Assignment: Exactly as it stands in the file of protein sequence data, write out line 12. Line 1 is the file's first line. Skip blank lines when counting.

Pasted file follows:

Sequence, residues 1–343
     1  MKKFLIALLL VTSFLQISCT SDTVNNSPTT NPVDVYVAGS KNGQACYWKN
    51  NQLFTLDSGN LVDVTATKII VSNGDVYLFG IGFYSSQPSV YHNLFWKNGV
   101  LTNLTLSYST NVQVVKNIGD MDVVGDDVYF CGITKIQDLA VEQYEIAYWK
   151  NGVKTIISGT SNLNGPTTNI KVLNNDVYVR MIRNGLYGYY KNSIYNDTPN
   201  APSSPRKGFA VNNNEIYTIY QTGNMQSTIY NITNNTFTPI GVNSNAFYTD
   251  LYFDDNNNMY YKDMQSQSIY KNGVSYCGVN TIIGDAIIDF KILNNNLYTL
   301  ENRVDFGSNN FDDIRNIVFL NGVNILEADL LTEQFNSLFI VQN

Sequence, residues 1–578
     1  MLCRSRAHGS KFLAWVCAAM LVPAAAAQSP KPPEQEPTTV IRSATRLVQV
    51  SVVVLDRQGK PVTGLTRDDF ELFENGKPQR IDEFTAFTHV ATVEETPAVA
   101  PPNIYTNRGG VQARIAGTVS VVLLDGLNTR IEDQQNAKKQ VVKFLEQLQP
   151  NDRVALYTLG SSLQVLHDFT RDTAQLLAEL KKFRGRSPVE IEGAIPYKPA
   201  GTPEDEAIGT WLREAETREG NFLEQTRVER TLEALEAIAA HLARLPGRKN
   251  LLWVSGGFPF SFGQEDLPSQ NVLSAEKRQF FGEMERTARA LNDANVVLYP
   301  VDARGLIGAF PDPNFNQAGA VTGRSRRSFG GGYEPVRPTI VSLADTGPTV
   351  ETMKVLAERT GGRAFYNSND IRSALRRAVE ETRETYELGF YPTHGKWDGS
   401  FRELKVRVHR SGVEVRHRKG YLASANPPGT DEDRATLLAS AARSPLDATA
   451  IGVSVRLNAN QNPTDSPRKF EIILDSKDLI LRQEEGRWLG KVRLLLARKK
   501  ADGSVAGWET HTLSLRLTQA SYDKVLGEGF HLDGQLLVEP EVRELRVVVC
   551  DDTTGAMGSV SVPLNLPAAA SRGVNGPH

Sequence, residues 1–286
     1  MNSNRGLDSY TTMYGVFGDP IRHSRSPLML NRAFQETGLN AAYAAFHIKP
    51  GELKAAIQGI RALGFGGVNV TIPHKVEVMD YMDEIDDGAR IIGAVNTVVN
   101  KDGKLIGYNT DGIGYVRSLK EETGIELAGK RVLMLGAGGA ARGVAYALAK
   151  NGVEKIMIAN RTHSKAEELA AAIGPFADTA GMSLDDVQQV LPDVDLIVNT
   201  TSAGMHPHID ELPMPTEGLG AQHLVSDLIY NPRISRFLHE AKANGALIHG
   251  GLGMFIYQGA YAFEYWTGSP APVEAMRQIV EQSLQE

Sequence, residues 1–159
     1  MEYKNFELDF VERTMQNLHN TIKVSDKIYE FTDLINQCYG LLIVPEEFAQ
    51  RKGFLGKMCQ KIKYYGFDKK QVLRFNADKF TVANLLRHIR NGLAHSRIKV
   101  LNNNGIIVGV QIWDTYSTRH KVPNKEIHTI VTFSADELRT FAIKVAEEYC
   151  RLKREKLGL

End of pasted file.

   101  PPNIYTNRGG VQARIAGTVS VVLLDGLNTR IEDQQNAKKQ VVKFLEQLQP